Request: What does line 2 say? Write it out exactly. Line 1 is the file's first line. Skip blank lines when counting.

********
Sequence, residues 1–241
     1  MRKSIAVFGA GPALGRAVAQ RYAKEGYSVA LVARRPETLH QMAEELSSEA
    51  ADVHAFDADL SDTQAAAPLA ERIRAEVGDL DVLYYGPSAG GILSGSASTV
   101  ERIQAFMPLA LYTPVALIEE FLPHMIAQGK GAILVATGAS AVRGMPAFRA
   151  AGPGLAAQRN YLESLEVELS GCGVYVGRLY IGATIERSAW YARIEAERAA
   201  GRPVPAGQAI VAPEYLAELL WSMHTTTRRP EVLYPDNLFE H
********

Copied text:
     1  MRKSIAVFGA GPALGRAVAQ RYAKEGYSVA LVARRPETLH QMAEELSSEA